“Piers may not have been a great test driver, but he was good at working with an engineer. In ’69, it was essentially just him and me, after all, and I relied on him almost totally for guidance.
“It was a lovely year, that, with a Brabham chassis, Cosworth engines, and Dunlop tyres. Given the relative paucity of opposition that season, you usually got points if you finished. We were second at Monaco, second at Watkins Glen, and so on.
“That year Piers really found himself as a racing driver. He’d done F1 before, with the Parnell BRMs, but it hadn’t worked out very well. For 1968, he suggested that we do F2 together, with a Brabham I had hanging around. He got his confidence back with that, and then we did F1 the following year.”
Over the winter of 1967-68, Piers decided to put together a team for the Tasman Series, running an F2 McLaren, with loans from his father and bank manager. Usually, he was hard pressed to keep up with Jimmy Clark’s Lotus and Chris Amon’s Ferrari, but at Longford, a road circuit in Tasmania, appalling weather worked his way. The litde McLaren, on Dunlop ‘wets’, was ideal for the task at hand.
Race morning was totally chaotic. The circuit at one point crossed over a wooden railway bridge, which was set afire by vandals, then put out. Then a downpour waterlogged the circuit, and the drivers began to debate the wisdom of starting the race at all at this, a track lethal even in perfect weather.
An added complication was that the race, if it were to go ahead, had to be over by a given time, because the track also went over a level crossing.
Courage described it thus: “Even the most feckless racing driver is unwilling to compete with an express train travelling at right angles to himself This was the only time I have known the timing of a race to be governed by Bradshaw.” And he won the race, too, with Clark second.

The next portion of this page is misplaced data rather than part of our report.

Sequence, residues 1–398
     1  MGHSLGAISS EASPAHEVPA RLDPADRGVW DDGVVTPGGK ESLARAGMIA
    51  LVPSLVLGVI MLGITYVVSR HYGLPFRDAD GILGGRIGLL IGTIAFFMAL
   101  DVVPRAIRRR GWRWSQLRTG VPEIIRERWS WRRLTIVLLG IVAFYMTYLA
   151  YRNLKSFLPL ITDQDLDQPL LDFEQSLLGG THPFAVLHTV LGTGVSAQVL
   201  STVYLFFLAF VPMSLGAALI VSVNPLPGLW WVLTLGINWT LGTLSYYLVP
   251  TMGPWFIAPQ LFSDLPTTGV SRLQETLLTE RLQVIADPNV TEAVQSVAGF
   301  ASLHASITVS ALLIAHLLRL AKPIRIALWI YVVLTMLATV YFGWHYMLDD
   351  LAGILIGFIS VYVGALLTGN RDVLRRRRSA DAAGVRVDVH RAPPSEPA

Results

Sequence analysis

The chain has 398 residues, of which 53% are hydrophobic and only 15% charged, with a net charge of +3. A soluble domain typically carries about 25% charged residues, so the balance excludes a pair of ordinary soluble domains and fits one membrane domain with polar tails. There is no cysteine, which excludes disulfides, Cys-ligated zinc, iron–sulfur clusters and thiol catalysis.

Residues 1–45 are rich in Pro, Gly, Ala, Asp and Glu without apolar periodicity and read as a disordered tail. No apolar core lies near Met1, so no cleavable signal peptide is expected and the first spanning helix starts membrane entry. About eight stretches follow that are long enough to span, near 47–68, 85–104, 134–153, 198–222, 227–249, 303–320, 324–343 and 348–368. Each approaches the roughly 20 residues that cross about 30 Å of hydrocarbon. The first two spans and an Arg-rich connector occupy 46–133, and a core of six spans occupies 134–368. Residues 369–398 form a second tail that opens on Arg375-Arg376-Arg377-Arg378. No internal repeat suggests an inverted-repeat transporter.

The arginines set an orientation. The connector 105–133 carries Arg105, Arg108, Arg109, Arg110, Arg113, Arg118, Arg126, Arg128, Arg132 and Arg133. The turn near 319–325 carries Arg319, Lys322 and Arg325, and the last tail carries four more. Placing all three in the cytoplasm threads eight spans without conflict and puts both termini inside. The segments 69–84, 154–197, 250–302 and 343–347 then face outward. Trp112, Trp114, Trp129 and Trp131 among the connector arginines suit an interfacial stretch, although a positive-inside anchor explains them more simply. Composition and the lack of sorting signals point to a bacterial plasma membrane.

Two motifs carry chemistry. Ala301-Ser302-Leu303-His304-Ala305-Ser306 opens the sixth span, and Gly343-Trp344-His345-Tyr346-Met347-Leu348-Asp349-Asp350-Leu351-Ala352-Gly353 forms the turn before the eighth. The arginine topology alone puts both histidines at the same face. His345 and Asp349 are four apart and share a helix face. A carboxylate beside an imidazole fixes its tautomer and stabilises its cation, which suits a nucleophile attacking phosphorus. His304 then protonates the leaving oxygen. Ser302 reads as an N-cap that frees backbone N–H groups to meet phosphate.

For 1970, Williams reached agreement with de Tomaso to run a new Dallara-designed car and, of course, hoped Courage would drive it.
“These days, Formula One drivers are very … commercially-minded, but Piers didn’t view racing quite like that he wasn’t out to make as much as he could while he could.
“He got an offer from Ferrari, but he’d already agreed to drive for me, and never thought of going back on his word, although he well knew what Ferrari would do for his career. For the drivers of today it would have been no contest, I’m sure.
“The de Tomaso was terrible at first, but after the first race he sat down with Dallara, and it was a two-hour debrief, which was unheard of in those days. The second car was a huge improvement, and by midseason we were becoming competitive.”
There was always a perception that Courage personified his name too much for his own good.
“Piers was very brave, certainly,” Frank agrees, “but very skilful, too. He wasn’t as good as Jochen whom I regard as the best there’s ever been but he was still very much a top driver by 1970.”
An unusual one, however.
“It seems to me that one of the advantages of a privileged education, like Piers had, is that, even if you’re not going to be a brilliant physicist or whatever, they try and instill into you the importance in life of history, literature, the world around you.
“I think of Piers, for example, whenever I hear Beethoven’s Sixth Symphony the Pastoral because it was his favourite piece of music. And I took to travelling with books of poetry, to be ready for him! Even so, he could always out-quote me, which maddened me.
“Racing was a lot of fun then, like being on a high all the time. Everything was coming along strongly. Ford had just bought out de Tomaso, so we had high hopes of more finance and technical backing. We seemed to have it made and here was this society golden boy driving for the team! Good-looking, devastatingly charming, title, beautiful wife…
“Sally was just like him nutty as a fruitcake! I particularly recall one afternoon with them, in Monaco in 1970. We were sitting in a little, cheap cafe, with everyone stopping by to say hello. I remember thinking that this life was so beautiful and happy for them that it just couldn’t go on.
“I wasn’t thinking in terms of his getting killed, or anything of the kind; just that their life was almost too good to be true.”